“Maybe it’s Chinese money from various special interests to promote the Communist Party agenda; it might be the big ag political unions; it might be Walmart that profits from selling Chinese products or other retailers who do the same thing; it might be transporters who transport Communist Chinese products; it might be entities like Boeing that wants to sell their airliners in China; or it might be longshoreman;  or oceanic shippers who profit from the importation of Communist Chinese products,” said Brooks about the types of special influencers that are looking for quid pro quos from committee chairs.  

“These special interests, and a lot more, who then profit from China– to the detriment of America I might add– do their utmost to ensure that candidates who are weak on fair trade policies with China are the ones who win elections,” Brooks added. 

Brooks stopped short of saying that the Chinese Communist Party was making illegal contributions directly to candidates.

“I don’t know if Communist China itself is making illegal contributions or engaged in internet propaganda, but certainly these special interests profit from unbalanced trade with China and they are the ones who are motivated to buy elections for candidates who will not do anything to force balance trade policies on China,” Brooks told Accuracy in Media.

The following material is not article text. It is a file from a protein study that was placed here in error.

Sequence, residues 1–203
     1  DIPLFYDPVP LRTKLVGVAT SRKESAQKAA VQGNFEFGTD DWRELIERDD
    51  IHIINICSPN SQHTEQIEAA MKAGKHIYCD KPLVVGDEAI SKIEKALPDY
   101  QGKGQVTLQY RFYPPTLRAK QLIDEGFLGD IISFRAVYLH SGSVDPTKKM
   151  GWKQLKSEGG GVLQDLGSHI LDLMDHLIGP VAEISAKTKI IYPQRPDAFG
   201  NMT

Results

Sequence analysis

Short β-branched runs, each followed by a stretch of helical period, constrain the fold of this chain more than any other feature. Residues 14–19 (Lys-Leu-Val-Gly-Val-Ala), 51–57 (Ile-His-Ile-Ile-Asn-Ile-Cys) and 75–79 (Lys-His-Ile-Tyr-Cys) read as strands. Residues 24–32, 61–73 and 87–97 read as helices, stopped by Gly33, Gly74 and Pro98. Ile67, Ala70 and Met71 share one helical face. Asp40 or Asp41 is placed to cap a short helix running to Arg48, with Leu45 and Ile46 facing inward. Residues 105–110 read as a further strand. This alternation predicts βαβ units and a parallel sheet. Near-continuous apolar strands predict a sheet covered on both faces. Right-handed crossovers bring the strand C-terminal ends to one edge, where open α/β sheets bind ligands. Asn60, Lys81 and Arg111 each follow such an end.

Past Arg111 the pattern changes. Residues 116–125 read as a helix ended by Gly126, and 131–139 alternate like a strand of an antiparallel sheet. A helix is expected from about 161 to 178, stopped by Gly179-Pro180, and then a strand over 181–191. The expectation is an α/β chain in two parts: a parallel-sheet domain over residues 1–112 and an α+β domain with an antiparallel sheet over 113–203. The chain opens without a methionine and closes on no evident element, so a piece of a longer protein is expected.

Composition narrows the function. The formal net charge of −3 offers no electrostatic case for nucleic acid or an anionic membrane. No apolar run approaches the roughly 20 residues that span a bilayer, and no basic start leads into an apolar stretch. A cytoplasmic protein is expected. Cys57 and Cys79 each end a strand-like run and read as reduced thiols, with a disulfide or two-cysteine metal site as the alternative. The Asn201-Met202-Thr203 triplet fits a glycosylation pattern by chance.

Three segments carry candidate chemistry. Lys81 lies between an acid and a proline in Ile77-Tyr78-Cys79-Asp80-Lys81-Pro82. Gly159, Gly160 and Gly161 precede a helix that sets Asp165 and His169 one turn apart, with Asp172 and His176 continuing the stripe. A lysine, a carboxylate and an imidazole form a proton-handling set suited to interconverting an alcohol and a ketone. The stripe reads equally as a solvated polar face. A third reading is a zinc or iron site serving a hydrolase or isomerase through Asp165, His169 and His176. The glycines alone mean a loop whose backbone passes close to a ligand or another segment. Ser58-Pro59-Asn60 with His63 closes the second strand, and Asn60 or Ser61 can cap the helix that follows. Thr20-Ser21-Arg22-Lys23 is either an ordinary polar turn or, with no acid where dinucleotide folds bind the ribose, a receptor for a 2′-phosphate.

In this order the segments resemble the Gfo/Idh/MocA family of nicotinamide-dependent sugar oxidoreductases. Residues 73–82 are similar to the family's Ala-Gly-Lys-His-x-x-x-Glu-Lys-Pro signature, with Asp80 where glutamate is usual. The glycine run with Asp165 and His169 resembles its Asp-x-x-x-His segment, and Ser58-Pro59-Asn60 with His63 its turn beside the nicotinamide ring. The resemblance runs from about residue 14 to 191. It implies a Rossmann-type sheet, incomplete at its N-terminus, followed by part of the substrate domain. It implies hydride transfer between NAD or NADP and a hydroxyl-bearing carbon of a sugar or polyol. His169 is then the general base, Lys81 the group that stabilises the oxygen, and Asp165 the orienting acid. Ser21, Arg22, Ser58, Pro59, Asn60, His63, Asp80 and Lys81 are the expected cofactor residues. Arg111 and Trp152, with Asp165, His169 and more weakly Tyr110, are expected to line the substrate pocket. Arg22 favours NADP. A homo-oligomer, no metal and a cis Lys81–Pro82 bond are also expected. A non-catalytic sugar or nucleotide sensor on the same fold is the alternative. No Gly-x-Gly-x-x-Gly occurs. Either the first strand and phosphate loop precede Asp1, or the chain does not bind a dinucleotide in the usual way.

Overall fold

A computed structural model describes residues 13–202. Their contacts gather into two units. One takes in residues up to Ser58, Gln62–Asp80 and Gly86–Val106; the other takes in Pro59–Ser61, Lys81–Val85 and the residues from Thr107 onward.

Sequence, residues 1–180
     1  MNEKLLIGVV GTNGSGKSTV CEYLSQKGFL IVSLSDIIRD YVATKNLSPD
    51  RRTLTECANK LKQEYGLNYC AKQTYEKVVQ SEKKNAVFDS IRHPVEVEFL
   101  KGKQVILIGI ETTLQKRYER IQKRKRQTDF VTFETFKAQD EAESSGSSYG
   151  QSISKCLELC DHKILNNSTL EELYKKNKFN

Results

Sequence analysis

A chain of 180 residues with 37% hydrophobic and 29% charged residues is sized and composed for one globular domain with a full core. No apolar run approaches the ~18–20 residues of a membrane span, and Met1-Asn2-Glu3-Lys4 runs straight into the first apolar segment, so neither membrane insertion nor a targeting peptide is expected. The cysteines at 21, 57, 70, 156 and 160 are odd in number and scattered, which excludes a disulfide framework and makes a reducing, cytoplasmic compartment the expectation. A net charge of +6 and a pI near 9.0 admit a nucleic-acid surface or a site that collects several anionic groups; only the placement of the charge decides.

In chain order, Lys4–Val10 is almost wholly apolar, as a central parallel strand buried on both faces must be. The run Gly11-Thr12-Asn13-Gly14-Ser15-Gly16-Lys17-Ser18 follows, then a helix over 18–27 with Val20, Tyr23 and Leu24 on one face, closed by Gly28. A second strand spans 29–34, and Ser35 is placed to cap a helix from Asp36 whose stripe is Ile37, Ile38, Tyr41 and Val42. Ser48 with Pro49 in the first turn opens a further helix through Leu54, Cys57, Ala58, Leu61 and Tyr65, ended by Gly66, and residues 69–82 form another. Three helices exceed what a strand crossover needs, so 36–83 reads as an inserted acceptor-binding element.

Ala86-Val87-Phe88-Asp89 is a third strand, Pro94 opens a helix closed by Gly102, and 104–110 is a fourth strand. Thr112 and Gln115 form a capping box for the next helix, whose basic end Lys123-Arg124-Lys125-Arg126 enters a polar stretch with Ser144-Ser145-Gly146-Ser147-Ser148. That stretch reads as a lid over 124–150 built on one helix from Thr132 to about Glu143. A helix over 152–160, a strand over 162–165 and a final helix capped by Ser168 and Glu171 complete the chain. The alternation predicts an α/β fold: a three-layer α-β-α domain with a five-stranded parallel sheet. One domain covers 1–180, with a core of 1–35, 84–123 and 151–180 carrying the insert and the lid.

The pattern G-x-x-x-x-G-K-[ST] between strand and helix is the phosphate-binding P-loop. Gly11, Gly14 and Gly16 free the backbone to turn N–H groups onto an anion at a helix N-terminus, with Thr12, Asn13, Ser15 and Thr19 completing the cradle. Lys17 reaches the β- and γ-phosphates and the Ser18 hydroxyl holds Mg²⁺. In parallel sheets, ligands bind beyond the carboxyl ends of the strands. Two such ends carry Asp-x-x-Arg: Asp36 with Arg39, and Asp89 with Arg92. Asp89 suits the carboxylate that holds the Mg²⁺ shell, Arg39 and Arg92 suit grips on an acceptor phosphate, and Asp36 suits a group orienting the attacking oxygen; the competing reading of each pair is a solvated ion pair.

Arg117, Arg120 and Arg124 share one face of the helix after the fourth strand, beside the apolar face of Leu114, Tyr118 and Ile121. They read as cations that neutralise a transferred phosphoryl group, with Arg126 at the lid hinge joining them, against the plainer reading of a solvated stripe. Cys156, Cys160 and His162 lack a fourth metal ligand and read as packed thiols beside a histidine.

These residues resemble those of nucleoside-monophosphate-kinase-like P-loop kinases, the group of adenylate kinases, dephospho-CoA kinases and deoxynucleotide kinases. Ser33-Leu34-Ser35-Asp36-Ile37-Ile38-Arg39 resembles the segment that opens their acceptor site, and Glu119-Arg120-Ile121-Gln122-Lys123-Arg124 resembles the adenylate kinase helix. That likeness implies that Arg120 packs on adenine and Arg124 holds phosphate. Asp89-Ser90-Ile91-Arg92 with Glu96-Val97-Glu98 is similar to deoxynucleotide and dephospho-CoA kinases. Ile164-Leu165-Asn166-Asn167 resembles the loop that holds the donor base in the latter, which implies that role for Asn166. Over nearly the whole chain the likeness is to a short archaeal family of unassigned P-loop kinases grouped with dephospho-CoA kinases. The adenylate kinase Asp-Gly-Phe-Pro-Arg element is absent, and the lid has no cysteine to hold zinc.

Brooks said that America is hemorrhaging its wealth to China. In turn, that is empowering the Chinese Communist Party to invest in its military and become a greater and greater threat to the freedom of democratic and republican forms of government worldwide. 

The Alabama congressman said that he favors a gradual tariff system, which is tax neutral, that can balance trade with China. 

“Neither, the Republicans nor the Democrats are willing to do what it takes to force fair trade policies on China, because both Republican and Democrat candidates covet campaign contributions that will help them get elected more than they love America,” Brooks said about the incoming Congress. 

Brooks was equally reluctant to predict that Congress would do anything effective to combat inflation during the session. 

“There is the proverbial ‘snowball’s chance’ that this Congress or this White House is going to do what is necessary to get inflation under control long term,” said Brooks. 

“There are a few major drivers of inflation: One is the federal government paying people huge sums of money not to work,” added Brooks. 

The result has been wage inflation, which in turn has pricing in goods and services going higher.  

Another thing that is a major driver of inflation is the deficits and accumulated debt, Brooks said. 

When asked at what point will the American people realize that the economy over the long term is on the road to ruin, Brooks left Accuracy in Media with the perfect, salient, quote. 

“You can always count on America to do the right thing after they’ve first tried everything else,” Brooks said, in a paraphrase of a Churchillian aphorism. 

 

Photo by Gage Skidmore.